Wed Apr 15 01:30:00 CDT 2015

Consensus Actual Previous
Y/Y % change -1.95% -2.33% -2.06%

WPI inflation proved surprisingly soft in March. At minus 2.33 percent the annual rate was below zero for a fourth consecutive month and at its weakest level since the end of last year.

Inflation in the food sector slowed to 6.31 percent and remained strongly negative in fuel (minus 12.56 percent). Significantly, prices also fell on the year in manufacturing (minus 0.19 percent after up 0.33 percent in February).

Today's unexpectedly weak figures follow news of a well behaved March CPI (5.17 percent) and should be seen as boosting the likelihood of another RBI interest rate cut before very long.

The wholesale price index tracks the average changes in price of a fixed representative basket of wholesale goods. The basket includes goods from the most important sectors in India's economy, such as: food products, fuel and power, textiles, rubber, metal products, machinery and chemicals. It is calculated using a weighted arithmetic average of wholesale prices. The WPI is one of the Reserve Bank of India's inflation measures.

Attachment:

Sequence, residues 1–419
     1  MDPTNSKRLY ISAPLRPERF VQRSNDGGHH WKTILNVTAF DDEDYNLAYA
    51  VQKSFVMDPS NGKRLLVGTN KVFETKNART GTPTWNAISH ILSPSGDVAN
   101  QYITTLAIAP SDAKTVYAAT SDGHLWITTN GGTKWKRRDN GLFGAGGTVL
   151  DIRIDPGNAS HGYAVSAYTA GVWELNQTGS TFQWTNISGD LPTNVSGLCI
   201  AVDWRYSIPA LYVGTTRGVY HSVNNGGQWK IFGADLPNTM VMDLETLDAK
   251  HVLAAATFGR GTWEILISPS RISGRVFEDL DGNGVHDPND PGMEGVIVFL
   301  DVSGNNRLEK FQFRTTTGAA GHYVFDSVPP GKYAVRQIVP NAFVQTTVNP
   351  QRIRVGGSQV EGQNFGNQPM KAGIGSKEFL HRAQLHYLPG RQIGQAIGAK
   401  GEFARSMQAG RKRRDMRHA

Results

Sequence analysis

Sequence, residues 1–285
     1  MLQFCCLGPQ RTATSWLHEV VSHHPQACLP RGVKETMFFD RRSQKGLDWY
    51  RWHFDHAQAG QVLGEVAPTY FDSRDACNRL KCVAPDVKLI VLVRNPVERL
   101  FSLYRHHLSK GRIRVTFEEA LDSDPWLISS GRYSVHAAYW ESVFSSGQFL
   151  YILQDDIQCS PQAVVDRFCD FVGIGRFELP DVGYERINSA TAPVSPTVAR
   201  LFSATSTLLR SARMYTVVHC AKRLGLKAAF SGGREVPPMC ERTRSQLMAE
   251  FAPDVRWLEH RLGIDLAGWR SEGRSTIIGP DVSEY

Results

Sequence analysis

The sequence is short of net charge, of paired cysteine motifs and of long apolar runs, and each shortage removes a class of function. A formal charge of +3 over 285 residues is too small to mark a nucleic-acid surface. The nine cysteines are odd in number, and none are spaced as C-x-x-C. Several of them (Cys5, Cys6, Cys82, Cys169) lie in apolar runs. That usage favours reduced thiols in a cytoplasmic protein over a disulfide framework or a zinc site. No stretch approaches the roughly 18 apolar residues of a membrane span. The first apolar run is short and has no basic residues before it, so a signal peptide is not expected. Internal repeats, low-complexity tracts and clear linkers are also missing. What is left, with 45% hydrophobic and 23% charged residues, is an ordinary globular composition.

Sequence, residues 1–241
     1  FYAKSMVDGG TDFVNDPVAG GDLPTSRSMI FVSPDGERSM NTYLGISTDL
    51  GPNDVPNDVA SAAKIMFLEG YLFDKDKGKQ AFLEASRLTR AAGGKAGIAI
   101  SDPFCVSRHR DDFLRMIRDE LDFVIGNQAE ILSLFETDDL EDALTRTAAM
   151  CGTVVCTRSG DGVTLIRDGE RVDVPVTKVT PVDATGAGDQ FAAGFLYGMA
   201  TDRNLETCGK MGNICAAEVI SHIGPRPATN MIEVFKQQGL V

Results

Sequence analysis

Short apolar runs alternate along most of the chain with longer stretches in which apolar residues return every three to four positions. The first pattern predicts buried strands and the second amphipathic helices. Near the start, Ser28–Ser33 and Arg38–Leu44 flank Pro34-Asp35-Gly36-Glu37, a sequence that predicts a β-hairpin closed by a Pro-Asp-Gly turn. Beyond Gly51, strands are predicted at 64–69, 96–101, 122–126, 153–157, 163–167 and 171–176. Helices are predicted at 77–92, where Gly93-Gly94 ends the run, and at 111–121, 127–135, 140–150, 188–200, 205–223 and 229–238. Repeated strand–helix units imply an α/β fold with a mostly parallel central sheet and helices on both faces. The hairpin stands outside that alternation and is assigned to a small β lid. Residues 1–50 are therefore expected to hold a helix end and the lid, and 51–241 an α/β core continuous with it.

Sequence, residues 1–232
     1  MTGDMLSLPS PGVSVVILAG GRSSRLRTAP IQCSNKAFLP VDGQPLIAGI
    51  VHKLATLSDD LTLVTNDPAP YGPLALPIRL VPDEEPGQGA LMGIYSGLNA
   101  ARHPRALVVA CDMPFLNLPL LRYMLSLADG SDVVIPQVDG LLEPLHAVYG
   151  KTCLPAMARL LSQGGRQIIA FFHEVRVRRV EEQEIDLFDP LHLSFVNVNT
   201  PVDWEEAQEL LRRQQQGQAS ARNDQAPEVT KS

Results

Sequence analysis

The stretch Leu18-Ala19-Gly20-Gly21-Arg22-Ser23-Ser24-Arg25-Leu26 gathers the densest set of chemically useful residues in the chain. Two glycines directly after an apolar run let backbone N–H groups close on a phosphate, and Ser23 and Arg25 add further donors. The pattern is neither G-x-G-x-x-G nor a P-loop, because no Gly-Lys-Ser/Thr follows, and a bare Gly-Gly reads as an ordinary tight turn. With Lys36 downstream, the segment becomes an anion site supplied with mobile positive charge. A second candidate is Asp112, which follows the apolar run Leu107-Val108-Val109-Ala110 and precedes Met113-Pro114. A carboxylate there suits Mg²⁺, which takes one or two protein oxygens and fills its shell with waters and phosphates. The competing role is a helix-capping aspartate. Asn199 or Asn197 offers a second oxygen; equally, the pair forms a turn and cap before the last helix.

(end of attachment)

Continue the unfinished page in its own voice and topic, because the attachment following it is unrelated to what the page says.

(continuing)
The Wholesale Price Index is closely followed as an indicator of inflation by the Reserve Bank of India, as well as many Indian corporations and banks.

Inflation is an increase in the overall prices of goods and services. The relationship between inflation and interest rates is the key to understanding how indicators such as the WPI influence the markets - and your investments.

Inflation (along with various risks) basically explains how interest rates are set on everything from your mortgage and auto loans to Treasury bills, notes and bonds. As the rate of inflation changes and as expectations on inflation change, the markets adjust interest rates. The effect ripples across stocks, bonds, commodities, and your portfolio, often in a dramatic fashion.

By tracking inflation, whether high or low, rising or falling, investors can anticipate how different types of investments will perform. Over the long run, the bond market will rally (fall) when increases in the WPI are small (large). The equity market rallies with the bond market because low inflation promises low interest rates and is good for profits.